• QCDs are limited to only the amount that would otherwise be taxed as ordinary income. Non-deductible contributions are excluded.
  • The QCD maximum annual amount is $100,000. It is the total sum QCD contributions made to any and all charities in a calendar year. Your spouse can also make a QCD from his or her own IRA within the same tax year for up to $100,000.
  • For a QCD to count towards your current year’s RMD, the funds must come out of your IRA by your RMD deadline, generally December 31.
  • You are not permitted to count any amount donated above your RMD toward satisfying a future year’s RMD.

Tax Reporting:

While a QCD is not subject to Federal withholding, State tax rules may vary.

A QCD contribution requires you to receive the same type of acknowledgement from the charity of the donation you would need to claim any other deduction for a charitable contribution.

Your Mitz & Rozansky tax adviser can help you determine if both your IRA and charity qualify for QCDs. Please contact us at (414)352-3200 to discuss how a QCD can work for you.

Highlights of the New Tax Reform Law for 2018 and Beyond

The new tax reform law, commonly called the “Tax Cuts and Jobs Act” (TCJA), is the biggest federal tax law overhaul in 31 years, and it has both good and bad news for taxpayers. For information on how the new law affects your taxes, please contact Mitz & Rozansky at (414)352-3200 to learn more.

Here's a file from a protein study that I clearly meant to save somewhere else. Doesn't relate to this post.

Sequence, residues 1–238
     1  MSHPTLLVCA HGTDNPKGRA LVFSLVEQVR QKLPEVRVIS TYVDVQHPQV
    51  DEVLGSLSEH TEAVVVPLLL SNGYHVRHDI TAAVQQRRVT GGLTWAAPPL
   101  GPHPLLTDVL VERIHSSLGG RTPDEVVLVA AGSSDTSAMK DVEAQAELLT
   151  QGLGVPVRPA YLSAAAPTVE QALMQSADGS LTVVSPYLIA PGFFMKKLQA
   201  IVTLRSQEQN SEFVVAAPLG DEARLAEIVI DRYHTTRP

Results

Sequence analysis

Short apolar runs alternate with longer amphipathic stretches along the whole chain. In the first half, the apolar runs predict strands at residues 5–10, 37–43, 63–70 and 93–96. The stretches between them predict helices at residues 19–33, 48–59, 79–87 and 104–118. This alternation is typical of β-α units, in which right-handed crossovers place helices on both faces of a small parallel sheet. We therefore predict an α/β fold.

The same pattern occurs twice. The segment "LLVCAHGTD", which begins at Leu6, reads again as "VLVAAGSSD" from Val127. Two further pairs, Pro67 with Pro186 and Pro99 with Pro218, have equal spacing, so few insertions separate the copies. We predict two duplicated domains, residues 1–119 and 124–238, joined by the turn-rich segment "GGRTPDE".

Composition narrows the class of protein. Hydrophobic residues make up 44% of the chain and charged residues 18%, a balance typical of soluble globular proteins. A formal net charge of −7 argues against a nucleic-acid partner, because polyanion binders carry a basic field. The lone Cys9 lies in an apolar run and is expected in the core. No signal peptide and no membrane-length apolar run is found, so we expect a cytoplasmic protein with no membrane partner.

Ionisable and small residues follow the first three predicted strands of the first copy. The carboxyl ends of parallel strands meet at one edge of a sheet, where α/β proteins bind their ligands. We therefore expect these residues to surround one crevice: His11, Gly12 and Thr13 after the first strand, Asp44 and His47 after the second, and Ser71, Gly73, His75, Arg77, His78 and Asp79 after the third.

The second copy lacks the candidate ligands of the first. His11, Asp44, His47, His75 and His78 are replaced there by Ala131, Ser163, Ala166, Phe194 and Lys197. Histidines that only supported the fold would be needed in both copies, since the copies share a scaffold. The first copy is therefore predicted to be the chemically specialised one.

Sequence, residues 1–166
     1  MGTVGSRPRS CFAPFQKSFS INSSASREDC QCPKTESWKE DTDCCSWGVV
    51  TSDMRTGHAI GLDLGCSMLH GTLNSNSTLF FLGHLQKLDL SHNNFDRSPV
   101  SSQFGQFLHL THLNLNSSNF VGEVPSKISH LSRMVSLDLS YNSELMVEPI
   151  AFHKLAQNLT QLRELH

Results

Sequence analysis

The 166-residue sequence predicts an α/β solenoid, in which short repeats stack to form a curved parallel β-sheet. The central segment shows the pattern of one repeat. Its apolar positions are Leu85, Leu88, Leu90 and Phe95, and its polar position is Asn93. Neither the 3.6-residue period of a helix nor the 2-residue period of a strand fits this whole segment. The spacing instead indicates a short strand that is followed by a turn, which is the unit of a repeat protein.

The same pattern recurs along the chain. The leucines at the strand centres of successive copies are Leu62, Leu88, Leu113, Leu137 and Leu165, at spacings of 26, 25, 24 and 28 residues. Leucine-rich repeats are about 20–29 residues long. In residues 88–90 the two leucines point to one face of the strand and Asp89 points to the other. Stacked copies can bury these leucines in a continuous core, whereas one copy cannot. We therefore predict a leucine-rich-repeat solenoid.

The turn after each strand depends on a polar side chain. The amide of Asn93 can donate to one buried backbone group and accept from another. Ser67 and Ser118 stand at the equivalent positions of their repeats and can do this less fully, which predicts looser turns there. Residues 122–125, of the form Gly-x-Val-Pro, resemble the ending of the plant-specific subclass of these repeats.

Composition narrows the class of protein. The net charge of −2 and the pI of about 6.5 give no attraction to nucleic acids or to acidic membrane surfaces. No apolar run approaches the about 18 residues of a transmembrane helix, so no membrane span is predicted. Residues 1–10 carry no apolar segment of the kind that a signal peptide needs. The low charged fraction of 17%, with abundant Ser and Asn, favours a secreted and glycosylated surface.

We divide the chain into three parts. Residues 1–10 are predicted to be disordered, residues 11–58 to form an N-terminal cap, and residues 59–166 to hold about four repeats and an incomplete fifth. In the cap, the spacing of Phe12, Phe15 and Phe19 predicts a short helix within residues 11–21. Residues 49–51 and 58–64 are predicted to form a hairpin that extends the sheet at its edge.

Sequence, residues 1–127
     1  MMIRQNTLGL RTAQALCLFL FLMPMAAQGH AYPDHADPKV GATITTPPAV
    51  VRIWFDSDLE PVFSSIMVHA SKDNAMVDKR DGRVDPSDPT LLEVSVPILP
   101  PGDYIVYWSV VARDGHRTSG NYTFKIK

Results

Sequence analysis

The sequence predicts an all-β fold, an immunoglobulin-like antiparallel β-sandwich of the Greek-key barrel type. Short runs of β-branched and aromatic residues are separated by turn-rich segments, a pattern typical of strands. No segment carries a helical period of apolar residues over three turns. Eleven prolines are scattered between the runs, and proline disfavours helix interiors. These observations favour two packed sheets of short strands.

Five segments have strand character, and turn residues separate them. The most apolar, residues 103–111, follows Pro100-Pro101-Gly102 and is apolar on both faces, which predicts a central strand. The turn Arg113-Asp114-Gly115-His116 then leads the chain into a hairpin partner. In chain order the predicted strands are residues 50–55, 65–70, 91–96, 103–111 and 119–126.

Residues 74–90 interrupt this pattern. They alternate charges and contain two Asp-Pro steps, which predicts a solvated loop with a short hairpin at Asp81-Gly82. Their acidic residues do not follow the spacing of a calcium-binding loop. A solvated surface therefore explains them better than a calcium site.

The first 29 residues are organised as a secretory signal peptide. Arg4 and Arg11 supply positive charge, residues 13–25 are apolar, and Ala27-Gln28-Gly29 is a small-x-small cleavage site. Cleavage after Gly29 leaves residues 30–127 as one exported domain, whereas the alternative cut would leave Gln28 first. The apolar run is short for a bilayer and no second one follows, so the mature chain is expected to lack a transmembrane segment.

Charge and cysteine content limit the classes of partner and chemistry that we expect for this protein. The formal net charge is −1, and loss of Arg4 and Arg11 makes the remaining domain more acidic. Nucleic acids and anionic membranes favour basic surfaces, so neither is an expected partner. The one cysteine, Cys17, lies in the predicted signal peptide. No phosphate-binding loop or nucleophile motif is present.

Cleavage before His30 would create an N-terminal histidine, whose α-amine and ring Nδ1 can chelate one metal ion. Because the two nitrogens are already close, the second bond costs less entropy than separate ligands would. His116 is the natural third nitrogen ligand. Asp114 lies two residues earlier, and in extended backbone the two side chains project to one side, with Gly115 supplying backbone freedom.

Below are highlights of some of the most significant changes affecting individual and business taxpayers. Except where noted, these changes are effective for tax years beginning after December 31, 2017.


  • Drops of individual income tax rates ranging from 0 to 4 percentage points (depending on the bracket) to 10%, 12%, 22%, 24%, 32%, 35% and 37% — through 2025
  • Near doubling of the standard deduction to $24,000 (married couples filing jointly), $18,000 (heads of households), and $12,000 (singles and married couples filing separately) — through 2025
  • Elimination of personal exemptions — through 2025
  • Doubling of the child tax credit to $2,000 and other modifications intended to help more taxpayers benefit from the credit — through 2025
  • Elimination of the individual mandate under the Affordable Care Act requiring taxpayers not covered by a qualifying health plan to pay a penalty — effective for months beginning after December 31, 2018
  • Reduction of the adjusted gross income (AGI) threshold for the medical expense deduction to 7.5% for regular and AMT purposes — for 2017 and 2018
  • New $10,000 limit on the deduction for state and local taxes (on a combined basis for property and income taxes; $5,000 for separate filers) — through 2025
  • Reduction of the mortgage debt limit for the home mortgage interest deduction to $750,000 ($375,000 for separate filers), with certain exceptions — through 2025